section, the characterization of the loss is determined as if the transaction had not been identified as a bona fide hedging transaction if-(i) The transaction is not a bona fide hedging transaction (as defined in paragraph (a)(4)(ii)(A) of this section); (ii) The identification of the transaction as a bona fide hedging transaction was due to inadvertent error; and (iii) All of the taxpayer's transactions in all open years are being treated on either original or, if necessary, amended returns in a manner consistent with the principles of this section. (3) Transactions not identified. Except as provided in paragraphs (a)(4)(ii)(C)(4) and (5) of this section, the absence of an identification that satisfies the requirements of paragraph (a)(4)(ii)(B) of this section is binding and establishes that a transaction is not a bona fide hedging transaction. Thus, subject to the exceptions, the characterization of gain or loss is determined without reference to whether the transaction is a bona fide hedging transaction. (4) Inadvertent error. If a taxpayer does not make an identification that satisfies the requirements of paragraph (a)(4)(ii)(B) of this section, the taxpayer may treat gain or loss from the transaction as gain or loss from a bona fide hedging transaction if(i) The transaction is a bona fide hedging transaction (as defined in paragraph (a)(4)(ii)(A) of this section); (ii) The failure to identify the transaction was due to inadvertent error; and (iii) All of the taxpayer's bona fide hedging transactions in all open years are being treated on either original or, if necessary, amended returns as bona fide hedging transactions in accordance with the rules of this section. (5) Anti-abuse rule. If a taxpayer does not make an identification that satisfies all the requirements of paragraph (a)(4)(ii)(B) of this section but the taxpayer has no reasonable grounds for treating the transaction as other than a bona fide hedging transaction, then loss from the transaction shall be treated as realized with respect to a bona fide hedging transaction. Thus, a taxpayer may not elect to exclude loss from its proper characterization as a bona fide hedging transaction. The reasonableness of the taxpayer's failure to identify a transaction is determined by taking into consideration not only the requirements of paragraph (a)(4)(ii)(A) of this section but also the taxpayer's treatment of the transaction for financial accounting or other purposes and the taxpayer's identification of similar transactions as hedging transactions. (iii) Inventory and similar property--(A) Definition. The term inventory and similar property (or inventory or similar property) means property that is stock in trade of the controlled foreign corporation or other property of a kind that would properly be included in the inventory of the controlled foreign corporation if on hand at the close of the taxable year (if the controlled foreign corporation were a domestic corporation), or property held by the controlled foreign corporation primarily for sale to customers in the ordinary course of its trade or business. (B) Hedging transactions. A bona fide hedging transaction with respect to inventory or similar property (other than a transaction described in section 988(c)(1) without regard to section 988(c)(1)(D)(i)) shall be treated as a transaction in inventory or similar property.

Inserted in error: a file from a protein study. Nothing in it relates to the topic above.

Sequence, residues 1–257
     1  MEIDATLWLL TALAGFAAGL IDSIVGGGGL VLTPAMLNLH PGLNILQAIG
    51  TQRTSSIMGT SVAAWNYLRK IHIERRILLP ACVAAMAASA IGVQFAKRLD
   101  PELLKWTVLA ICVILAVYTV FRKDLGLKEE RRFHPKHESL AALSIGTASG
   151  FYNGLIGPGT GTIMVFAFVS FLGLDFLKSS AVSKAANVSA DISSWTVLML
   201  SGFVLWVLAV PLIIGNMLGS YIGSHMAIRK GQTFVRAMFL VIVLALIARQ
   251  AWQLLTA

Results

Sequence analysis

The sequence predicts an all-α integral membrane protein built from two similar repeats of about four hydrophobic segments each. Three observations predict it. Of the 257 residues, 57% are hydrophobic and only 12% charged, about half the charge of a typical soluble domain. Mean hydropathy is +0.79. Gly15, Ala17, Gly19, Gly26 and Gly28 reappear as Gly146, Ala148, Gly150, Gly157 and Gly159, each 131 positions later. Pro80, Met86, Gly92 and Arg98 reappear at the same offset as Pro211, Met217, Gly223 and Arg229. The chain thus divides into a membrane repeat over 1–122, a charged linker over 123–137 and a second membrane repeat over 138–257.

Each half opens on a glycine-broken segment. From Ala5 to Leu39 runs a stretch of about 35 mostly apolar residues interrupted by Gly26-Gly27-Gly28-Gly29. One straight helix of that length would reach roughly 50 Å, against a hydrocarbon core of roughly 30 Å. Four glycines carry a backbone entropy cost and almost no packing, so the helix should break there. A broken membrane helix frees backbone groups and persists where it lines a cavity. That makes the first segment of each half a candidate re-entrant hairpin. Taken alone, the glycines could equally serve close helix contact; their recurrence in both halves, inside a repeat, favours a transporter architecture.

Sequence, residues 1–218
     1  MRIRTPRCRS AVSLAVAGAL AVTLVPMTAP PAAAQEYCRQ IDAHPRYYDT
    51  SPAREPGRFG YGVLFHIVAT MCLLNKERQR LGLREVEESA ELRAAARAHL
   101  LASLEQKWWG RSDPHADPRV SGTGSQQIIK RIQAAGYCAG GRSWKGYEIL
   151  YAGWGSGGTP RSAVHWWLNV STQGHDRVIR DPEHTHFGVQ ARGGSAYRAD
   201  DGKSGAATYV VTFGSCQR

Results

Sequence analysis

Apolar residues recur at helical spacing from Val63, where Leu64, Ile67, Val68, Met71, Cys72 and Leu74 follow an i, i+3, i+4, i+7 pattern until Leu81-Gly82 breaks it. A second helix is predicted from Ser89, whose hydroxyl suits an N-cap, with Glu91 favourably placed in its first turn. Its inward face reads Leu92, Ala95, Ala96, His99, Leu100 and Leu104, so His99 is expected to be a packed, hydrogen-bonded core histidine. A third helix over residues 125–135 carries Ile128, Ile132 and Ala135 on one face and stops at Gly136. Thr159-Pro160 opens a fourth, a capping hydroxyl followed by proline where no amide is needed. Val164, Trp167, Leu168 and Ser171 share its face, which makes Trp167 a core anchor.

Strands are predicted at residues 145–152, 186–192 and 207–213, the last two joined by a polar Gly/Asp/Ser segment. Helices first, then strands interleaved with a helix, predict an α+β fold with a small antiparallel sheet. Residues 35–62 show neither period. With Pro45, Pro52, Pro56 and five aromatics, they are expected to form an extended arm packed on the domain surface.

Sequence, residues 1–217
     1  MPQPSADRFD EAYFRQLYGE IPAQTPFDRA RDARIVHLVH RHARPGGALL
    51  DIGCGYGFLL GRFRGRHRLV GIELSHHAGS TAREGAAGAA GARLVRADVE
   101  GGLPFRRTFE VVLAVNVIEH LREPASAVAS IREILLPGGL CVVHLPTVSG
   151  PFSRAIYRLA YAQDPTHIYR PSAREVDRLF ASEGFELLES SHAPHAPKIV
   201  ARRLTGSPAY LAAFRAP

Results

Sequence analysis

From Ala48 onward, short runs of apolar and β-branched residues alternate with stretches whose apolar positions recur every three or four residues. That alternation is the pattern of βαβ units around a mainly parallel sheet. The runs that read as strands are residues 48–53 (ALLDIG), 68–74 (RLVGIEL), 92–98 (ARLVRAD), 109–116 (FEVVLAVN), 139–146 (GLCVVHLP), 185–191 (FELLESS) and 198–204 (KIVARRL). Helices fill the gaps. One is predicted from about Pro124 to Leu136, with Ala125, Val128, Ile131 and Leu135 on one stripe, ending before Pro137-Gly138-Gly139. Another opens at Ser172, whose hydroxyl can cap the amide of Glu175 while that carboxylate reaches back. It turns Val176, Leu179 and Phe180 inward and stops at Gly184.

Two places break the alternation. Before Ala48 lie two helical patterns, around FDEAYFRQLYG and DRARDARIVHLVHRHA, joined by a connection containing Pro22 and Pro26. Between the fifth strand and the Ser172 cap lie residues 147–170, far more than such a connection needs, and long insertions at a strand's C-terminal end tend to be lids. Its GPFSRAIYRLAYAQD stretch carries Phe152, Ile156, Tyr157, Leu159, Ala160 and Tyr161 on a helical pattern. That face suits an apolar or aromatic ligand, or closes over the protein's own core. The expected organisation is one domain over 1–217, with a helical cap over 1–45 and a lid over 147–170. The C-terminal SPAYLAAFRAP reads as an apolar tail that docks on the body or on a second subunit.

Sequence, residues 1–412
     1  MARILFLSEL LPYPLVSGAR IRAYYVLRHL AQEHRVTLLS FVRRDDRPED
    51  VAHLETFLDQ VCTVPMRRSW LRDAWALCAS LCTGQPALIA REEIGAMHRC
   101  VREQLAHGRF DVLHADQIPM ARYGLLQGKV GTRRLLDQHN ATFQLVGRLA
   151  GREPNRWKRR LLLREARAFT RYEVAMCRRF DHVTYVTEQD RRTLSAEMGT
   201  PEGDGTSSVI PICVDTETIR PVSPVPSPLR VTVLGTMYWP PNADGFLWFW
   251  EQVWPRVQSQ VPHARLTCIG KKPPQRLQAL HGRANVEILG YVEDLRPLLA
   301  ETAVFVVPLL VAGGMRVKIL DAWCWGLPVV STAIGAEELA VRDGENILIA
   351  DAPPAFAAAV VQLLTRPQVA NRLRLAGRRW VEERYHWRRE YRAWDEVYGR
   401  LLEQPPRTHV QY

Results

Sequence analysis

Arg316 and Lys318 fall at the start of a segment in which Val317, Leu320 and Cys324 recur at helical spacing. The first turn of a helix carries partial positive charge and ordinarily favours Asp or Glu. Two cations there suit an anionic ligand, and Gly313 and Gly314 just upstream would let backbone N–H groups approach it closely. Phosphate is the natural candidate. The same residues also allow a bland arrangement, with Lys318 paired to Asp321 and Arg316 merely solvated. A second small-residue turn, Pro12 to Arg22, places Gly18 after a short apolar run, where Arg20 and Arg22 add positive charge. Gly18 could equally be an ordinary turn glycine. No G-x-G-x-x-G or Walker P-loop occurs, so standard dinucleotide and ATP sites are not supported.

(iv) Regular dealer. The term regular dealer means a controlled foreign corporation that-(A) Regularly and actively offers to, and in fact does, purchase property from and sell property to customers who are not related persons (as defined in section 954(d)(3)) with respect to the controlled foreign corporation in the ordinary course of a trade or business; or (B) Regularly and actively offers to, and in fact does, enter into, assume, offset, assign or otherwise terminate positions in property with customers who are not related persons (as defined in section 954(d)(3)) with respect to the controlled foreign corporation in the ordinary course of a trade or business. (v) Dealer property--(A) Definition. Property held by a controlled foreign corporation is dealer property if-(1) The controlled foreign corporation is a regular dealer in property of such kind (determined under paragraph (a)(4)(iv) of this section); and (2) The property is held by the controlled foreign corporation in its capacity as a dealer in property of such kind without regard to whether the property arises from a transaction with a related person (as defined in section 954(d)(3)) with respect to the controlled foreign corporation. The property is not held by the controlled foreign corporation in its capacity as a dealer if the property is held for investment or speculation on its own behalf or on behalf of a related person (as defined in section 954(d)(3)). (B) Securities dealers. If a controlled foreign corporation is a licensed securities dealer, only the securities that it has identified as held for investment in accordance with the provisions of section 475(b) or section 1236 will be considered to be property held for investment or speculation under this section. A licensed securities dealer is a controlled foreign corporation that is both a securities dealer, as defined in section 475, and a regular dealer, as defined in paragraph (a)(4)(iv) of this section, and that is either-(1) registered as a securities dealer under section 15(a) of the Securities Exchange Act of 1934 or as a Government securities dealer under section 15C(a) of such Act; or (2) licensed or authorized in the country in which it is chartered, incorporated, or organized to purchase and sell securities from or to customers who are residents of that country. The conduct of such securities activities must be subject to bona fide regulation, including appropriate reporting, monitoring, and prudential (including capital adequacy) requirements, by a securities regulatory authority in that country that regularly enforces compliance with such requirements and prudential standards. (C) Hedging transactions. A bona fide hedging transaction with respect to dealer property shall be treated as a transaction in dealer property. (vi) Examples. The following examples illustrate the application of paragraphs (a)(4)(ii), (iv) and (v) of this section. Example 1. (i) CFC1 and CFC2 are related controlled foreign corporations (within the meaning of section 954(d)(3)) located in Countries F and G, respectively. CFC1 and CFC2 regularly purchase securities from and sell securities to customers who are not related persons with respect to CFC1 or CFC2 (within the meaning of section 954(d)(3)) in the ordinary course of their businesses and regularly and actively hold themselves out as being willing to, and in fact do, enter into either side of options, forward contracts, or other financial instruments. CFC1 uses securities that are traded in securities markets